Morricone's scores for the Dollars films are indispensible, for the type of exaggerated, over the top, operatic, even cartoonish (in a good sense) productions those were. Eastwood laughed when Christopher Frayling told him "Someone once wrote that Leone’s films are 'operas in which the arias aren’t sung, they are stared'" ... and he answered like this:

Quote
A film has to have a sound of its own, and the Italians—who don’t record sound while they’re shooting—are very conscious of this. Sergio Leone felt that sound was very important, that a film has to have its own sound as well as its own look. And I agree … Leone’ll get a very operatic score, a lot of trumpets, and then all of a sudden “ka-pow!” He’ll shut it off and let the horses snort and all that sort of thing. It’s very effective.
(From an interview published in Frayling's Clint Eastwood, 1992; reprinted in Clint Eastwood: Interviews, p. 130-131.)

But Leone's style was one thing, and Eastwood's is quite another.

By the way, the five titles you mentioned from Eastwood's recent films, rather than being "composed by Lennie Niehaus and Clint Eastwood," were composed by Eastwood, himself, and orchestrated by Niehaus. It's no accident that Eastwood's practice, since Tightrope, of inserting themes of his own composition into most of his films began with his collaboration with Niehaus. He obviously trusts Niehaus to take his raw material and integrate it with the rest of the score in such a way that it lends another personal touch to the film's fabric without being a distraction from the lines of the narration.
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AKA23
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« Reply #8 on: January 28, 2003, 12:51:22 AM »

Yes, I knew that you were talking about the score for In the Line of Fire and not all of the other films in which Eastwood appeared that Ennio Morricone did the score for. I wasn't suggesting that you didn't like any of the scores, but I agree that it was worded badly and did convey that message. I didn't mean to suggest that you didn't care for any of the scores. I was trying to single out In the Line of Fire , but I realize that wasn't the way that it sounded.

As far as Niehaus orchestrating themes that Eastwood composed, I knew that too, but I didn't make much of a distinction betweeen composing and orchestrating. I should have. The bottom line that I was trying to convey to Walt is my belief that Niehaus and Eastwood worked on these things together, and that it wasn't all Clint Eastwood's doing that the particular compositions worked wonderfully in Eastwood's films. My point was that it was a collaboration, and that in light of this, Clint Eastwood as well as Lennie Niehaus should both be given credit and recognized for their excellent work.
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AKA23
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« Reply #9 on: January 28, 2003, 12:55:41 AM »

Walt, another suggestion if I may. You may want to think about changing the subject of this thread to something else. When I first read it, I immediately thought that Clint Eastwood was either no longer employing Lennie Niehaus, that they had some kind of a falling out, or that he had retired, or died. It made me think that perhaps it was going to be an announcement of his death, and then I was relieved to read that all you were trying to say is that you didn't care for his scores. You don't have to take my suggestion, but I felt that the title was a little misleading, and may be conveying the wrong impressions.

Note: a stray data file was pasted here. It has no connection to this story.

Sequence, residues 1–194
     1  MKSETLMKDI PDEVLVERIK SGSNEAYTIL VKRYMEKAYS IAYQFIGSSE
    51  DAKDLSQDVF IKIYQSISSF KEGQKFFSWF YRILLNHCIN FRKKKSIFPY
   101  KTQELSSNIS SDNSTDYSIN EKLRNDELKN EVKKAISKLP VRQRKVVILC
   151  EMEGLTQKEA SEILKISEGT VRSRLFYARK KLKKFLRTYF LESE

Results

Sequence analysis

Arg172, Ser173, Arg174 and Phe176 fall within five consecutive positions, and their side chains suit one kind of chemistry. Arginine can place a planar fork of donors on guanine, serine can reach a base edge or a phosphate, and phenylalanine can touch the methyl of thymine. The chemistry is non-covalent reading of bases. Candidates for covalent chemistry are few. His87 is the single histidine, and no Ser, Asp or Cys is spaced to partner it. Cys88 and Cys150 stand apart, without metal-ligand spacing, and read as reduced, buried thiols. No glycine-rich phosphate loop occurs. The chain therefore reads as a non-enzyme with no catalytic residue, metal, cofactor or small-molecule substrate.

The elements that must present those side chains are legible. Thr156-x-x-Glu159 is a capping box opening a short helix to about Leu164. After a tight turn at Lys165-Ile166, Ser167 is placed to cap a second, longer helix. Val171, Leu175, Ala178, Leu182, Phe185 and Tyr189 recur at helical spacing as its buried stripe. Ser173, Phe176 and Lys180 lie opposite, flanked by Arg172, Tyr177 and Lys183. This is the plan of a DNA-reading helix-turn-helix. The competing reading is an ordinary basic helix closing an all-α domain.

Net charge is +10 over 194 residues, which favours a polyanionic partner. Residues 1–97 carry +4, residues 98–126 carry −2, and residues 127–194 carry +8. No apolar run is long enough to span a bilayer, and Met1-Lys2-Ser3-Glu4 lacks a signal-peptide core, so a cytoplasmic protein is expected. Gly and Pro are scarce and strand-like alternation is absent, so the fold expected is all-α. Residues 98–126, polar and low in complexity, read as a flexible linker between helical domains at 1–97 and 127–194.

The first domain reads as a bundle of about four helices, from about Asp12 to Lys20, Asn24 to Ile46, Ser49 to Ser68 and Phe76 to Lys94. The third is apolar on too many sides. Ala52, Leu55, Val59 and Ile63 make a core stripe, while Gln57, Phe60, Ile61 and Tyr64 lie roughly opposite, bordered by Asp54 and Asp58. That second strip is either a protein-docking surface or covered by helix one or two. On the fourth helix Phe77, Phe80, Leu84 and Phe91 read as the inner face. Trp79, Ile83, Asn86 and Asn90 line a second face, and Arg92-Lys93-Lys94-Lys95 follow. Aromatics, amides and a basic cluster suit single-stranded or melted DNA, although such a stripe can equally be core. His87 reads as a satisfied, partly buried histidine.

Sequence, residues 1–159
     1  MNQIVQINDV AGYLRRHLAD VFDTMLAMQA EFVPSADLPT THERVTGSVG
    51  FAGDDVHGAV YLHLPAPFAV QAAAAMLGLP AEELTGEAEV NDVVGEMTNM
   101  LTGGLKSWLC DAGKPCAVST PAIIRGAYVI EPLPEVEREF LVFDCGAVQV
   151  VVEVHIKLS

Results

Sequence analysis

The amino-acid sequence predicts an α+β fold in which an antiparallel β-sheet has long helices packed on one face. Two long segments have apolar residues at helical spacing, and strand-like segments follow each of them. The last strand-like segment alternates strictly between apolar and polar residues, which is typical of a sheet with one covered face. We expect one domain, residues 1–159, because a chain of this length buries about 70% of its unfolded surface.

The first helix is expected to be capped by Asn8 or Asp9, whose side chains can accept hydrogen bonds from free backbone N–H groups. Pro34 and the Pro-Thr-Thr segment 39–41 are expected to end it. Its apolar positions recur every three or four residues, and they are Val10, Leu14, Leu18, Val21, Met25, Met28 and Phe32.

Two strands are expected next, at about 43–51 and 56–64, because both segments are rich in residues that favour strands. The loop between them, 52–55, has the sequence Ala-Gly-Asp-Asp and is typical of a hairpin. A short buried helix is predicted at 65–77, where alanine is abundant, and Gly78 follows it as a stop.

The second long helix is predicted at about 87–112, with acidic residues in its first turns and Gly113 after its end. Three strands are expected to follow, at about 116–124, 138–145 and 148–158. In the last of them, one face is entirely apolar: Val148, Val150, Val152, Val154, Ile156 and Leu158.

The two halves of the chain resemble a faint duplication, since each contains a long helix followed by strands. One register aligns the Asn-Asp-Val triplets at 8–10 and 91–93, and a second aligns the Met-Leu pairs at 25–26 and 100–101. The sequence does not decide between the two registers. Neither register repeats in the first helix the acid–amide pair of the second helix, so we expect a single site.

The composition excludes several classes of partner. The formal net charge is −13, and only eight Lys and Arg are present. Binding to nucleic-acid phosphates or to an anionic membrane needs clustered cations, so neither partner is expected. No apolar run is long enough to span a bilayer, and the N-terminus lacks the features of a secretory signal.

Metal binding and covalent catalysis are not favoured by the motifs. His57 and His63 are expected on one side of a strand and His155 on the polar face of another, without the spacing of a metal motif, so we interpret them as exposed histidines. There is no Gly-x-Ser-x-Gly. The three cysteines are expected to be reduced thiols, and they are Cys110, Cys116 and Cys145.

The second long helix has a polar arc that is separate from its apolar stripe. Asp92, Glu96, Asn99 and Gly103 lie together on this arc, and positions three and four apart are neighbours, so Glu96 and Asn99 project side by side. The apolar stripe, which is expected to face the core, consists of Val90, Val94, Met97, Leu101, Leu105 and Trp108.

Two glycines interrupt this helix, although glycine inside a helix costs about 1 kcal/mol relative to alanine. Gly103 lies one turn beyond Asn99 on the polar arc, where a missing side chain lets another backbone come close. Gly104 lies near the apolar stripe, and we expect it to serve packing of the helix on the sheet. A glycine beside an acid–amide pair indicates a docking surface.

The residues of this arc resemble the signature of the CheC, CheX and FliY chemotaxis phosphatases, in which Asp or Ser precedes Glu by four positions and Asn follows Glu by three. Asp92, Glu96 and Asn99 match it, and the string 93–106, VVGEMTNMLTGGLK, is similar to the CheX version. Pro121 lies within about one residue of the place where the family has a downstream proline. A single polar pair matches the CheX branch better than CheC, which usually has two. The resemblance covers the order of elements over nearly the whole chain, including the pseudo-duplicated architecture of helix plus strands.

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davytriumph
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« Reply #10 on: January 28, 2003, 01:09:09 AM »

I have said before on the board That I don`t care too much for Mr. Niehaus`s music and I also was shot down.
So Walt,  you`re not alone!
I agree, give us Schifrin, Morricone or even Horner, Zimmer, Trevor Rabin.  The list goes on.
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KC
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« Reply #11 on: January 28, 2003, 01:58:01 AM »

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But that would be with some other director.

 ;)
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AKA23
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« Reply #12 on: January 28, 2003, 02:15:47 AM »

For anyone (like myself) who had absolutely no concrete idea what a diegetic or non diegetic sound was, I've done a little bit of research for you. This appears to not be an actual word because I looked in several dictionaries both online and in dictionary volumes that I have and nowhere could I find a mention of diegetic or nondiegetic. If you're confused like I am, I offer this definition that I found on the Internet. I'm sure that KC can give a much better explanation:

Quote


Non Diegetic
 
Definition
 
Any element, usually sound, that has no pinpointable origin within the film frame; for example, background music.
 

From reading a bit more about it, I took it to also convey in a film context embellished scores that don't reallly connect with or originate from the film itself, but from some other source. The fact that the score is embellished and doesn't compliment the film is exactly what KC was trying to convey with the usage of the word I would imagine.

In the future KC, I don't think that I was the only one that wasn't exactly clear as to what this word was, and as it seems to not even be in the dictionary, would you mind perhaps offsetting a simple definition (especially for these film terminologies that many of us are probably very unfamiliar with) so that the rest of us who have not studied film extensively will be better able to understand your argument. The word was very aproppriate for what you were trying to convey, but I wasn't exactly sure what that was, and I don't consider myself a stupid person. I don't think that's a very common word, and in the future, I think it would be helpful to me if you were to explain a little bit about it. :) Would you mind doing that in the future if you feel that there might be a word that the majority of non film scholars would not understand or be able to appreciate?  ;)
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Daisy Abigael
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« Reply #13 on: January 28, 2003, 04:58:47 AM »

Hmm.  AKA - just because it is obscure does not mean diegetic is not "an actual word"! It is film criticism jargon - just like all professions and areas of interest, film criticism has its jargon.

Here is a site that defines it all very nicely:http://www.filmsound.org/terminology/diegetic.htm


BTW:

Sergio Leone and Morricone were especially fond of mixing diegetic and non-diegetic sound in their collaborations: